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Digital Currencies are “Inevitable”

An expert has predicted that digital currencies will definitely become the new norm because buoyed by 5G technologies they promise greater convenience, higher efficiency and lower cost.

“Many countries have already launched digital currencies,” said Jirayut Srupsrisopa, group CEO of Bitkub Capital Group Holdings. He warned that if Thailand was slow on the digital-currency front, Thais might become too familiar with digital yuan or Libra of other nations instead.

At present, the Bank of Thailand has been in the process of developing prototype payment system for businesses using the Central Bank Digital Currency.

Benefits of Digital Money

According to Jirayut, it took a firm in China just three seconds to approve loans for 100 million people. The process did not rely on human staff, but big data, data storage system and artificial intelligence. The results are impressive not just in regards to the speed in which the approval process was completed, but also in regards to the low default rate. Non-performing loan rate is at just 1.7 per cent.

“Technologies including digital currency enable such achievement,” Jirayut said.
He pointed out that had Thailand had a digital currency in normal circulation, the government would have been able to give Bt5,000 financial help per month over a three-month period to affected people during COVID-19 crisis in a much faster and more efficient manner.

Jirayut went on that with digital currency and related technologies, it would have been easier for Thai SMEs to get much-needed soft loans amid the outbreak of the fatal communicable disease too.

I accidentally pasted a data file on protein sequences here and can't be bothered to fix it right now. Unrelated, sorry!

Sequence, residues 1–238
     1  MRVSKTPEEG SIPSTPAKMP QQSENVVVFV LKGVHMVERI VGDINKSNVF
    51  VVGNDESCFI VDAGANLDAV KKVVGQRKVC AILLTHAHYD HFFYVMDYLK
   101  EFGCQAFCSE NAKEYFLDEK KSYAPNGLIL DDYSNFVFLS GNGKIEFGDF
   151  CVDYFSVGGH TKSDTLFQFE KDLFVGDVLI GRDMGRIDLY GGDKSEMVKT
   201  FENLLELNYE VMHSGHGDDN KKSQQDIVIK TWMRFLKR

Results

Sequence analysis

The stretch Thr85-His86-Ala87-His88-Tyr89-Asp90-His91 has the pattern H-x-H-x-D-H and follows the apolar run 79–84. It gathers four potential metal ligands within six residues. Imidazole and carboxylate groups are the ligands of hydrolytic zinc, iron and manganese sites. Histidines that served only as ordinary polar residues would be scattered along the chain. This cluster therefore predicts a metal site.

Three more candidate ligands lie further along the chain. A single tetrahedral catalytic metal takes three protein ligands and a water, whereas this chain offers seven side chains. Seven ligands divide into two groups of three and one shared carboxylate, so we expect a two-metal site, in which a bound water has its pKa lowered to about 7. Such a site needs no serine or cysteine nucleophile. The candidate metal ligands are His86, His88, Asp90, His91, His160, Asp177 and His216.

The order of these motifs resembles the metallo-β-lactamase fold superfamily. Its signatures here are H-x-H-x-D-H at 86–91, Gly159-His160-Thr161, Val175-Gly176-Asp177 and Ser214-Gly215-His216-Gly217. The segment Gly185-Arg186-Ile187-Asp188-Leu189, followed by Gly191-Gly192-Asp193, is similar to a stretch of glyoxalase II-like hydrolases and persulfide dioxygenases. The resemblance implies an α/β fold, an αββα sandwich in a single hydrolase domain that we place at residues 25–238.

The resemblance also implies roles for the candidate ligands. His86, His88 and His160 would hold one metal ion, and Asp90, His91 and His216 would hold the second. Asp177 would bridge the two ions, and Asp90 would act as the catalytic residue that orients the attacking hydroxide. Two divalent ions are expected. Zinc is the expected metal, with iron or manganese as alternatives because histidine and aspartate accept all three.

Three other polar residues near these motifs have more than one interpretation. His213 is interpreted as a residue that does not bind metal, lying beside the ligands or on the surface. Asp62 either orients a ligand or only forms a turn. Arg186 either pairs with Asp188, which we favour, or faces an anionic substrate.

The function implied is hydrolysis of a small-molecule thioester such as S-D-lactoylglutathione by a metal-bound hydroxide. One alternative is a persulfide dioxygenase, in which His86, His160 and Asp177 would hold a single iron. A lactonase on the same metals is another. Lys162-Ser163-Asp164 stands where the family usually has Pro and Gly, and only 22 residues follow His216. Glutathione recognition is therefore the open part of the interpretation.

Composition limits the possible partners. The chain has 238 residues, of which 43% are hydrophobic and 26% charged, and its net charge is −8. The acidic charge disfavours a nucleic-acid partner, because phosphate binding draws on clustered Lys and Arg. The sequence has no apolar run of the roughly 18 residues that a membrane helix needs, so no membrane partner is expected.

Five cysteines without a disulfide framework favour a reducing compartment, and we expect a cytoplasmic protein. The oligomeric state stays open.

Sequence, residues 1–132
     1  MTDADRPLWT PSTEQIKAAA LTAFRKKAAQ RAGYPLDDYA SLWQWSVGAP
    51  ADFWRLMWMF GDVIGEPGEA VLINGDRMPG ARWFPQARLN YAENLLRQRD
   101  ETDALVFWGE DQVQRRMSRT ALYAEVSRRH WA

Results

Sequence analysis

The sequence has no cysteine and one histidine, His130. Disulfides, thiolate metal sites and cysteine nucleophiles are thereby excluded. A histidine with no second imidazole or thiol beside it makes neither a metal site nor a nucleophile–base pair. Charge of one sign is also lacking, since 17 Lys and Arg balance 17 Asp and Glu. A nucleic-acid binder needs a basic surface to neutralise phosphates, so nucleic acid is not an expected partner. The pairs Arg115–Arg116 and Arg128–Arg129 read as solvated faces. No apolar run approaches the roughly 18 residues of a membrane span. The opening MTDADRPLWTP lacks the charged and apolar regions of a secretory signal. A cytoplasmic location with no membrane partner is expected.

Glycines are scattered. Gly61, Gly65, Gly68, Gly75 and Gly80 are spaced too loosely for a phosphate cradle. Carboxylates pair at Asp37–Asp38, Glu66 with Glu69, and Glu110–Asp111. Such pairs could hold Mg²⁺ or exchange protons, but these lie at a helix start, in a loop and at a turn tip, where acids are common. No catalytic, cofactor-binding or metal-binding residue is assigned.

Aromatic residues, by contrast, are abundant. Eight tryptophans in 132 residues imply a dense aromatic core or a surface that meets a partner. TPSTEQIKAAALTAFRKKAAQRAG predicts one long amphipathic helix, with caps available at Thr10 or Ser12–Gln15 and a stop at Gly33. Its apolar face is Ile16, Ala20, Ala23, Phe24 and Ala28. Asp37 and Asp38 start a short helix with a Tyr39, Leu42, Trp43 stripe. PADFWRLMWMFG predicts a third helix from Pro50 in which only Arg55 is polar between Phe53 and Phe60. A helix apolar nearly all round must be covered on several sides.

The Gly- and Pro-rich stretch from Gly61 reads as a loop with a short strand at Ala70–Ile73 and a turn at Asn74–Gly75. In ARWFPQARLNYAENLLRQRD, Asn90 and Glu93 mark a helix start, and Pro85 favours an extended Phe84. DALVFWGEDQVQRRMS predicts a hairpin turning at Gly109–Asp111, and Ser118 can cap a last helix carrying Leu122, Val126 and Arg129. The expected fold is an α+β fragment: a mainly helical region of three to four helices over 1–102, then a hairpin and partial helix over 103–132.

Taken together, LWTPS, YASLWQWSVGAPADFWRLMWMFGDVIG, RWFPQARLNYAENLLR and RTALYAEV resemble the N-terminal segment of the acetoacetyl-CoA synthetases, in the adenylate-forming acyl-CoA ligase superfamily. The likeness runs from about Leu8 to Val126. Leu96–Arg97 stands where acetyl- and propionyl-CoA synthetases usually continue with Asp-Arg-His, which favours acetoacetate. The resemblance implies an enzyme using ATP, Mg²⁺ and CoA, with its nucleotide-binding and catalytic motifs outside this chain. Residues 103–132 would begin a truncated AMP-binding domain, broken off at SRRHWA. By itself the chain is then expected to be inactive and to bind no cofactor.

“Digital money also means a much lower cost. There is no need to destroy old banknotes and produce new ones,” he said.

He added that money laundering would reduce considerably when digital currencies became a new norm, because it would be so easy to trace financial routes.

Thailand’s Move towards Digital Currency

Jirayut reckoned that the Bank of Thailand had ranked among the top 10 central banks that were very active in digital-currency development. To date, the development has already gone through several successful phases.

In his view, Thailand should start its digital currency soon as about 80 per cent of Thais have already had access to high-speed internet. On average, each Thai owns 1.4 mobile phones. Thais, moreover, are active social-media users.

“But if you pay close attention, you will notice that Thais have mostly used foreign apps. The only Thai apps common among Thais are banking apps,” Jirayut said.

He explained that although Thai banking apps had won Thais’ trust, the country could not be complacent at the time even TikTok had a payment system.

“There is a possibility Thais will transfer money via Facebook, Messenger and WhatsApp once Libra comes out,” Jirayut said.

He emphasized that the Thai government would no longer be able to use quantitative easing to spur economy, if currencies used by most Thais were foreign.

“If Thais stick to Libra and digital yuan, it will not be possible for Thais to control currency inflow/outflow either. That’s a serious issue,” he warned.



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